Here’s a collection of tragic death by GPS stories of when bad GPS directions resulted in the death of innocent travelers.
Search, and rescue teams call it “Death By GPS.” It happens when a well-meaning driver follows poor directions from a GPS device and ends up in serious trouble. Despite the grisly name, not every victim dies of death by GPS. But the name is a reminder of how high the stakes can be when you trust technology more than your own eyes and instincts.
01) Bad Scenic Route
In March of 2011, Albert and Rita Chretien left Penticton, British Columbia, in their Chevrolet Astro Van. They were driving to Las Vegas for a convention and decided to take a more scenic route. Rita would later tell rescuers that they tried to use their GPS to find Mountain City, Nevada, but the device led them onto a dangerous and remote road high in the desert mountains. Their vehicle was quickly disabled, and they became lost and stuck.
Several days passed before their family discovered the two had never made it to the convention. The Chretiens never told anyone the route they planned to use. Without a clear location, search teams had to be mobilized across four states. It was such a vast area, searchers were eventually forced to abandon their efforts.
After nearly two months, hunters stumbled upon Rita clinging to life at the spot where their van slid off the road. Albert was missing. He had set off for Mountain City on foot to bring back help. It was almost two years before his body was found. He had made it seven miles, just over halfway to the town.
02) Bad Neighborhood
It was October 2015, and Regina Murmura and her husband were meeting their daughter for dinner at a beach neighborhood in Rio De Janeiro, Brazil.
They were unfamiliar with the area and used the Waze app to find their way. Unfortunately, the Waze app led them into a perilous neighborhood where a local gang ambushed them. Regina died in a hail of gunfire, and her husband was lucky to make it out alive.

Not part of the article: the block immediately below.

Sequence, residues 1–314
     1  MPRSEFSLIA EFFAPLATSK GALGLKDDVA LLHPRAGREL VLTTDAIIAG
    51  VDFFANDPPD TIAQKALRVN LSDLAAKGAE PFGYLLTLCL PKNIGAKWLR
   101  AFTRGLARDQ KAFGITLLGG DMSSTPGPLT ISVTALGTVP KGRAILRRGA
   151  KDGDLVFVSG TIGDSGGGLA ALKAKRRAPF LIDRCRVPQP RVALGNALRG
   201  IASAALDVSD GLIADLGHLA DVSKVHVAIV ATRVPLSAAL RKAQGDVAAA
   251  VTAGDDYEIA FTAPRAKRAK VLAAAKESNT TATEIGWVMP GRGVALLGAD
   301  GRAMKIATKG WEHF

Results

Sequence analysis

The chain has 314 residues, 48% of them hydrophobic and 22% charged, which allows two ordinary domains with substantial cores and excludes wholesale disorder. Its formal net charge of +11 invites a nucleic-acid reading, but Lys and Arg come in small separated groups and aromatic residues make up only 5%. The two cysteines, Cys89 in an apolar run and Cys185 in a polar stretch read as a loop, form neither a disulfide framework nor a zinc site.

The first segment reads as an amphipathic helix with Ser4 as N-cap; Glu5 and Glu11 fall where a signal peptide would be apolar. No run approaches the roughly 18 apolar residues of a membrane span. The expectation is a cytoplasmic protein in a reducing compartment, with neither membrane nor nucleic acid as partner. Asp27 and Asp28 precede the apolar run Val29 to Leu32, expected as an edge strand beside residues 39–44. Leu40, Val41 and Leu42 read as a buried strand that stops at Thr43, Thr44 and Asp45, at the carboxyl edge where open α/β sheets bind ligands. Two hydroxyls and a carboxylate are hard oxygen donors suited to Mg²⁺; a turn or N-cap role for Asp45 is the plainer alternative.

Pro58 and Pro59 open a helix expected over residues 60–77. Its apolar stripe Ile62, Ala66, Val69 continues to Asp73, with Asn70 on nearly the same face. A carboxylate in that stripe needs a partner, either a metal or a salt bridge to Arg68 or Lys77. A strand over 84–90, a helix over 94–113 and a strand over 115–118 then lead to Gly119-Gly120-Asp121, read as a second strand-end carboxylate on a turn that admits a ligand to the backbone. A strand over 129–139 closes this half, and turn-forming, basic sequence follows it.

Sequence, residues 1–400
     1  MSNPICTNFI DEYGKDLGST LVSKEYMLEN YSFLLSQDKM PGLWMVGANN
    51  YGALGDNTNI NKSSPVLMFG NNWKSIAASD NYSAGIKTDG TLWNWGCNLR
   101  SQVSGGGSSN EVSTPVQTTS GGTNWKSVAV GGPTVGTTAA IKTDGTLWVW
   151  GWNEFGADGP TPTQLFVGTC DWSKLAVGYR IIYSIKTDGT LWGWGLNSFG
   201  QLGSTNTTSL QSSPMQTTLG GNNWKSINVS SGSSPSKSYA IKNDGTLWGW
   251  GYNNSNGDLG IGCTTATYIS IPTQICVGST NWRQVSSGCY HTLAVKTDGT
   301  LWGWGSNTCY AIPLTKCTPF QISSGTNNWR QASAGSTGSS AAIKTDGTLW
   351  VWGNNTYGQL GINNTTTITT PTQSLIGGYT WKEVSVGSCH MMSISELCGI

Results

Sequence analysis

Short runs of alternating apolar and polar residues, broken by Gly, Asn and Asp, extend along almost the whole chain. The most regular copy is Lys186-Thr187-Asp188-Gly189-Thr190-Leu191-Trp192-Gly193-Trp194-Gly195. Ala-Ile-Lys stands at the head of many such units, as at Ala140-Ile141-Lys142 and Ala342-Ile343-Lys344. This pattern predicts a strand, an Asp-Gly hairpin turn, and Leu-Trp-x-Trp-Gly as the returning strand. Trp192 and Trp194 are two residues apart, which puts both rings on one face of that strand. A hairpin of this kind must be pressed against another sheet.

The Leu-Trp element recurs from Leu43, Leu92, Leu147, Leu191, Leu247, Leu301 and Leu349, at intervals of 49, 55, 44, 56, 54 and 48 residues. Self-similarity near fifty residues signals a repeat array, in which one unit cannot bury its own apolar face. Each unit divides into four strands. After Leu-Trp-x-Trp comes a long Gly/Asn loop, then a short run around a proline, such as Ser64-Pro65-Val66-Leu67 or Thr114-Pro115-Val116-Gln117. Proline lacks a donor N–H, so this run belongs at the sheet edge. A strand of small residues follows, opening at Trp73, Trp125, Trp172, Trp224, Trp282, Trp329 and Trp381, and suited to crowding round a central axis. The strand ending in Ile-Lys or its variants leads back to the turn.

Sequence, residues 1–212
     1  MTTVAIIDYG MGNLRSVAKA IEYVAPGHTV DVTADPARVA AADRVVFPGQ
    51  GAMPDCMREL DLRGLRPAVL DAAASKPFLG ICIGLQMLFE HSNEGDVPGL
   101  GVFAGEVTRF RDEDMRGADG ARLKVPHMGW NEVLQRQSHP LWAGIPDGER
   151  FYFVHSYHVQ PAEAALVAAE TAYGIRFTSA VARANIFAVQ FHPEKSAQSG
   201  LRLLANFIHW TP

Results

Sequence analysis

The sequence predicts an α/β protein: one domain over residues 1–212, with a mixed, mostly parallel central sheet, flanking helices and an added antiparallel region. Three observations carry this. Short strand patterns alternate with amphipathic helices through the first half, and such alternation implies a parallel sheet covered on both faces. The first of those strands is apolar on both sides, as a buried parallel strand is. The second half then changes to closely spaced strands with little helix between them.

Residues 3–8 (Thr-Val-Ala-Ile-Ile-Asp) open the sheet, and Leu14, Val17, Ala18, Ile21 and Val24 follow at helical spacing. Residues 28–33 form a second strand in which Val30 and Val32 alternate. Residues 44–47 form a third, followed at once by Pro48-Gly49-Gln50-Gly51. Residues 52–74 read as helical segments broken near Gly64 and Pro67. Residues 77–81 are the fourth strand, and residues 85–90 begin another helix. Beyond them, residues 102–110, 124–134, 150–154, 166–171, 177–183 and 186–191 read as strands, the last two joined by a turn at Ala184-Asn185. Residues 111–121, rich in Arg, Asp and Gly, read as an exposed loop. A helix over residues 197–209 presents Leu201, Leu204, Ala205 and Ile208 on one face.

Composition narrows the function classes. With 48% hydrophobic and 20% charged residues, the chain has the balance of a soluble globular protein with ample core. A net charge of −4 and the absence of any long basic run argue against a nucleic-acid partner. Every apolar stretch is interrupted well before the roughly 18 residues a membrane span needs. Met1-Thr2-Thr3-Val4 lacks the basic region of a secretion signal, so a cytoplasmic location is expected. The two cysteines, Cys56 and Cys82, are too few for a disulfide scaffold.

03) Bridge Is Out
The bridge on Cline Avenue in Lake County Indiana has been closed since 2009, but in March 2015, Iftikhar Hussain’s GPS recommended it as his fastest route.
Hussain trusted the bad GPS directions more than his own eyes as he drove past concrete barriers, orange barrels and road closed signs. He drove his Nissan Sentra off the edge. The car fell almost forty feet and caught fire. Iftikhar’s wife who was riding as a passenger and was killed. He survived.
04) The Fishing Trip
Investigators believe that on a fishing trip in Oregon, Silas Whitley relied too much on his GPS device and not enough on his own instincts. At one point in his travels, his GPS did a recalculation that put him on a challenging and remote road. It was there that after a weeklong search in August of 2015, searchers finally found his truck and then his body.
05) Death By GPS Death Valley Detour
Alicia Sanchez and her 6-year-old son Carlos were only lost for 5 days, but in Death Valley National Park, that’s more than enough time to die. When a park ranger came across her incapacitated car in August 2009, the first thing Alicia said to him was, “my baby is dead.” He found 6-year-old Carlos slumped over in the front seat. Alicia was probably within hours of dying herself. She was just following her GPS unit, which directed her down the wrong road.
How to Avoid “Death by GPS”
These death by GPS stories are terrible but hopefully will help raise awareness around this issue. The advice for avoiding Death by GPS is simple: Trust your gut. If a road seems unsafe, go back. Search, and rescue teams also recommend having paper maps that clearly mark passable and maintained roads. GPS directions are helpful to have, but traditional paper maps might help save your life.
At the end of the day, though, nothing can take the place of your own eyeballs. Follow all road signs and use common sense. If you see a road closed sign, don’t use the road. Your GPS won’t magically open it for you. Follow those common-sense tips so you won’t fall victim to death by GPS.